08 January 2018
Much to the annoyance of New Delhi, Beijing has poured huge sums of money into infrastructure projects in Nepal – a landlocked nation with China to its north and India to its south – under its trade and infrastructure development plan known as the “Belt and Road Initiative”.
China is Nepal’s largest foreign investor, and in the past financial year alone has invested 8.36 billion Nepalese rupees (US$81.89 million) in the country, an increase of almost 35 per cent from the year before, according to Nepal’s Department of Industry.
While China’s cultural clout in the country still lags far behind that of India – with which Nepal shares a 1,700km open border – opportunities for Beijing to shift that balance were given a huge boost when Nepal’s Communist alliance, which is seen as friendlier to China, secured a landslide election victory.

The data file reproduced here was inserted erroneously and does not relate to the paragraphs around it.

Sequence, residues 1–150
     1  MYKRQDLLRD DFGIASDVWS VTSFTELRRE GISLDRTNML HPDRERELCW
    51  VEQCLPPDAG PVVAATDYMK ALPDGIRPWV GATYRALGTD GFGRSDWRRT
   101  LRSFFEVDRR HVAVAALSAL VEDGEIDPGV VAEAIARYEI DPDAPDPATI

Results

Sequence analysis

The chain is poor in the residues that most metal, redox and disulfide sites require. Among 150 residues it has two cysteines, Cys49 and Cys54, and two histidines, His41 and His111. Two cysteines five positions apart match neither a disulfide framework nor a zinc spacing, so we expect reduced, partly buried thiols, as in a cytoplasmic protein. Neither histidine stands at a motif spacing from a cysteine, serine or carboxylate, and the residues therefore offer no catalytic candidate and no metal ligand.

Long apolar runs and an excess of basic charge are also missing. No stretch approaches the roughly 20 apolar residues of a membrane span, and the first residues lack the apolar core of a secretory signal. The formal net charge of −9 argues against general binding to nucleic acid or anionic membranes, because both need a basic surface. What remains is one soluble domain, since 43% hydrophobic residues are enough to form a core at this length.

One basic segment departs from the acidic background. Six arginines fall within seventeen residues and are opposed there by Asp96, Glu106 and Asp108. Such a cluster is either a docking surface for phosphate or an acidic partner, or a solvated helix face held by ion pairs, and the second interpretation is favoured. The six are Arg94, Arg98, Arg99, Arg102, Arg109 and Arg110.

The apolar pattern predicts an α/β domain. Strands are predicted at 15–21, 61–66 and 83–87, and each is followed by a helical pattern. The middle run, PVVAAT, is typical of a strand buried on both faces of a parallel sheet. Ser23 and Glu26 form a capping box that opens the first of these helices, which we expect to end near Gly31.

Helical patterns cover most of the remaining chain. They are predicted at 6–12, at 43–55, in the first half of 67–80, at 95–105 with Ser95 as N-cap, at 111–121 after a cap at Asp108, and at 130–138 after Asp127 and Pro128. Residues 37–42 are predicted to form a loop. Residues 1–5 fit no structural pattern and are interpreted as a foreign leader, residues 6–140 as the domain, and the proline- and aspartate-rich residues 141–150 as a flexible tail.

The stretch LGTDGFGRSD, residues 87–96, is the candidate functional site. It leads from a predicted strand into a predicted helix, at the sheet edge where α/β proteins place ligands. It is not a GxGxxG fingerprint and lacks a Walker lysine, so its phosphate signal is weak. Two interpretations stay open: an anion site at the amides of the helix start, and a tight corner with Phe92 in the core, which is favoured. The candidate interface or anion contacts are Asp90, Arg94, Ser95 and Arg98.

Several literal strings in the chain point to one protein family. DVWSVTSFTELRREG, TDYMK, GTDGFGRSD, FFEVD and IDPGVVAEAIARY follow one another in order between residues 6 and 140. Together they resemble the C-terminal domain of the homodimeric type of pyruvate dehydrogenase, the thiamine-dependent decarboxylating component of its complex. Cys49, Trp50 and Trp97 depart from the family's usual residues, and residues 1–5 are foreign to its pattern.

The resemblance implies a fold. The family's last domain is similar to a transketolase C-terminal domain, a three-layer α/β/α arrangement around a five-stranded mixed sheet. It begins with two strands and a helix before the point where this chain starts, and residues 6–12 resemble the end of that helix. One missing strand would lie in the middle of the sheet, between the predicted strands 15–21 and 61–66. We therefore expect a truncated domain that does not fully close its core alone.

The win was good news for China, given Nepal’s strategic location as a buffer with India and proximity to Tibet, an autonomous region of China with lingering tensions over its sovereignty.
“Right now, the most significant impression of China is the rise of China,” said Li Mingjiang, China programme coordinator at the S. Rajaratnam School of International Studies in Singapore. “That automatically generates a positive perception of China, and motivates … a lot of [Nepalese] people to intentionally understand China, study China, and even go to China.”
IDSS / Online
Last updated on 24/01/2018